The new assistant secretary will be charged with establishing annual goals for the desired number of international visitors to the U.S., the monetary value of the tourism they bring and recommendations for how to achieve them. That includes directives for what other agencies and Congress need to do, such as ensure the country permits enough foreign workers to meet labor demands or modernize airports to improve the travel experience. 

He or she will also facilitate hosting international conferences and sporting events in the U.S.

The assistant secretary will engage in similar work for domestic travel, with a particular eye toward new collection of state-level volume, spending and workforce data.

“Data tells a story if you're smart enough to listen to it,” Rosen said, citing the need for more information on length of travel time, mode of travel and destination. “We want to put our resources where the data may tell us we need it.”

Another area of focus for the new assistant secretary will be learning from the pandemic. The travel and tourism industry is still recovering from months of shutdowns. While Las Vegas’ 2022 visitor volume is up 23.5 percent from 2021, according to the Las Vegas Convention and Visitors’ Authority (LVCVA), both volume and hotel occupancy lag pre-COVID numbers from 2019.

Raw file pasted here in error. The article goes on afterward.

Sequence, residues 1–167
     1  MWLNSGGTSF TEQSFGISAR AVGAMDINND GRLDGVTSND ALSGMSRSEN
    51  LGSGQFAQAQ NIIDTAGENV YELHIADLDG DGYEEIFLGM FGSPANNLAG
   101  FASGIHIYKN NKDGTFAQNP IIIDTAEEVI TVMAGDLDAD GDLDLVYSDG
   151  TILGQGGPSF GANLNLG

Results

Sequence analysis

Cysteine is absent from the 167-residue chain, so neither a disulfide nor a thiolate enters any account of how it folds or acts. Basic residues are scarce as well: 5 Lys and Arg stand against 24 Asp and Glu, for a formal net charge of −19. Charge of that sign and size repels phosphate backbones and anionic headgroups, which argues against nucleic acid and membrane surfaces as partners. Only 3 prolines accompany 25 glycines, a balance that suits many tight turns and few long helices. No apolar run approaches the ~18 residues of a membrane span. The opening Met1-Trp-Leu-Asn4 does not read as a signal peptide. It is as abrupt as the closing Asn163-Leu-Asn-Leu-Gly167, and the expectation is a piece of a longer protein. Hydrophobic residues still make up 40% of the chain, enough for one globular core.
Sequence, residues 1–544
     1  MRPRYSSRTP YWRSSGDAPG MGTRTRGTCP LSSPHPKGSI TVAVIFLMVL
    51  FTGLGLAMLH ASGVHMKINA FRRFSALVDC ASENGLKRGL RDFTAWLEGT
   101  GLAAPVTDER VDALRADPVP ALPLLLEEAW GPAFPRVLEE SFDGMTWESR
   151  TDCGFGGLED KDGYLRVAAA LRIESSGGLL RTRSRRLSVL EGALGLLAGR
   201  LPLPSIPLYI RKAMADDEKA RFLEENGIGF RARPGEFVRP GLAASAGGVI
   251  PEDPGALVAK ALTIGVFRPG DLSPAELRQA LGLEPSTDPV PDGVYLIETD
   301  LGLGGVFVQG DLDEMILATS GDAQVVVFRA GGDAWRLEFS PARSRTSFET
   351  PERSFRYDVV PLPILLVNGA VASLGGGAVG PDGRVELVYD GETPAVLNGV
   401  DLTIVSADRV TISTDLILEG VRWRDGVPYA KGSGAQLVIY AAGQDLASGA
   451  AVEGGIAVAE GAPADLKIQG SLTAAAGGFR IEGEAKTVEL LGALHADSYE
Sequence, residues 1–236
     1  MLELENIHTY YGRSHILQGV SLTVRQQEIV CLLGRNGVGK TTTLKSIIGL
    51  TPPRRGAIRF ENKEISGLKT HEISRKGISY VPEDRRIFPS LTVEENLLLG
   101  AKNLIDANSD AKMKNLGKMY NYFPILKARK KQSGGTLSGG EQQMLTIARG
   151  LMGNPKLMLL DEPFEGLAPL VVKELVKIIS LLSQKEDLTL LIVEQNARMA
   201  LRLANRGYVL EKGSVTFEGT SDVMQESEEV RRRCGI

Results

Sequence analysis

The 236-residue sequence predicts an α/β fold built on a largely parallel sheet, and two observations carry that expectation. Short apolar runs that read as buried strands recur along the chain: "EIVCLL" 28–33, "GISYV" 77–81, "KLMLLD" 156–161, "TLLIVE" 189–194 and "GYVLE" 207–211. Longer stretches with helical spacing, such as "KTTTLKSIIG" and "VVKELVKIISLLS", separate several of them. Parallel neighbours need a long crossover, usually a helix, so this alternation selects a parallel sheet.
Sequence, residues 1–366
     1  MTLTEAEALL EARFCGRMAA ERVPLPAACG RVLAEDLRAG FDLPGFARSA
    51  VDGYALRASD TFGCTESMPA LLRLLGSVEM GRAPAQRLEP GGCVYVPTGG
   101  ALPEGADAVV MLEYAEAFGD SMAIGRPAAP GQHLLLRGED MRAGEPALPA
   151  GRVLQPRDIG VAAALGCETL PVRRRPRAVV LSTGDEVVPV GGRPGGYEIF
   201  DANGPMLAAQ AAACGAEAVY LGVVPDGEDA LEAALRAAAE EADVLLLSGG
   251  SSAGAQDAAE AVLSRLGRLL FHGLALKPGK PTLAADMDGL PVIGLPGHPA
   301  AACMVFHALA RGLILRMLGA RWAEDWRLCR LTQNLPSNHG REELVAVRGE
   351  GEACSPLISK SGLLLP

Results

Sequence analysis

On the labor side, Nevada’s unemployment rate has fallen from that staggering 28.2 percent high in April 2020 down to 4.6 percent in October, according to the Bureau of Labor Statistics – a marked improvement, but still trailing the 3.9 percent figure from October 2019. And unemployment numbers in the hospitality sector continue to lag the general rate, stubbornly continuing to hover near 6 percent.

The new assistant secretary will be charged with preparing a short-term report on the pandemic’s effects on the industry, including how it affected minority communities and different regional economies, and an annual forecasting report. That person will also develop a longer-term recovery strategy with both industry resilience recommendations and governmental assistance ideas for future emergencies, ranging from wildfires and floods to terrorist attacks to another pandemic.